26. Dan says:

    Hmmm, I’m not sure I would be able to remove my tyres without levers…

    I carry a spare tube, 2 plastic tyre levers, puncture repair kit and $50 in my saddle bag thingy. I also have a mini-pump attached to the bike, and generally have a cellphone on me (it fits in the saddle bag thingy too, if I’ve not got a backpack). I’ve occaisionally needed to replace the tube by the side of the road, but never needed to do more maintenance than that, so don’t bother with a multi-tool. The other thing I have noticed is that if I have a problem, lots of other friendly cyclists stop and check if I need help. I also return the ‘favour’ if I see someone else with a flat of whatever.

  27. Warren T says:

    I’ve only noticed a couple people mention cash, and they are carrying bills. I decided a month ago to start carrying a few quarters with me so I could be able to stop and buy lemonade from any kid I see who takes the time to set up a lemonade stand. (Most likely the majority of kids in lemonade stands were, um, encouraged to do so by their parents…)

    I always feel bad if I can’t stop and buy a cup.

  28. Noah says:

    I have a reflective ankle strap that has a “secret” pocket inside. I don’t wear it because no one could see it from behind with my huge panniers in the way, but I keep it with me for riding without the panniers, and I keep $1.75 or $2 with me. That’s enough to hop on any bus if the goin’ gets tough. Although I’d probably just call my wife to come rescue me.

  29. Alexis says:

    Easy Rider, I think it’s quite arrogant of you to say that if you can’t remove your tires without levers, you don’t know what you’re doing. I’ve got small hands and simply don’t have the mechanical strength required to remove my tires by hand, but I’m perfectly capable of fixing flats on my own if I have the levers.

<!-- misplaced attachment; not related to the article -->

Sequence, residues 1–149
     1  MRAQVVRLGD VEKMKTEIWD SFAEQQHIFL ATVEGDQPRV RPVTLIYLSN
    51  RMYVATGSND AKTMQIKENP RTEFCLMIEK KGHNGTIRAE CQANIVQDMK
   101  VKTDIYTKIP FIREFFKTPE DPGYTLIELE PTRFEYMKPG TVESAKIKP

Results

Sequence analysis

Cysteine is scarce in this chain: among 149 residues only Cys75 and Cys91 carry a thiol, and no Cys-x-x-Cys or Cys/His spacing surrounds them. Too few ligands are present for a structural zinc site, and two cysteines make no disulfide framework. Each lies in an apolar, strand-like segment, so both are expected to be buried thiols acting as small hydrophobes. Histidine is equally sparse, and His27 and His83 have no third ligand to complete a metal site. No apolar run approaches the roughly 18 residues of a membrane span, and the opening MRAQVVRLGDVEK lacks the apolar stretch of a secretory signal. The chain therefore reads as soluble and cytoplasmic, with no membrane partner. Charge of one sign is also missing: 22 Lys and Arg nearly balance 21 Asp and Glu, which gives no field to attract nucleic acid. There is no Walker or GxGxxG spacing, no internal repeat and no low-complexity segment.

We are all different. Your way is not the only ‘right’ way.

  30. Joe says:

    Alexis I agree, Easy rider, I don’t think you realize how condescending and arrogant you sound.

    “Tools are only useful if you know how to use them. If you know how to use them then you should not have to use them”

    Ummm….ok. I know how to use a tire pump, but by your logic I should not have to use it because I can somehow keep my bike in superior shape and predict when I might get a flat and avoid that….whatever dude.

    Consider humility on your next post.

  31. Erin says:

    I just stumbled across this post (and the site in general–I’ve found them both informative!), and noticed that nobody mentioned a towel. I usually don’t bring one with me, but the last time I crashed I was on my way to the beach and had one. It was so useful cleaning up blood and chain grease that as soon as I started riding again, I tied a face towel to my frame and now don’t leave home without it.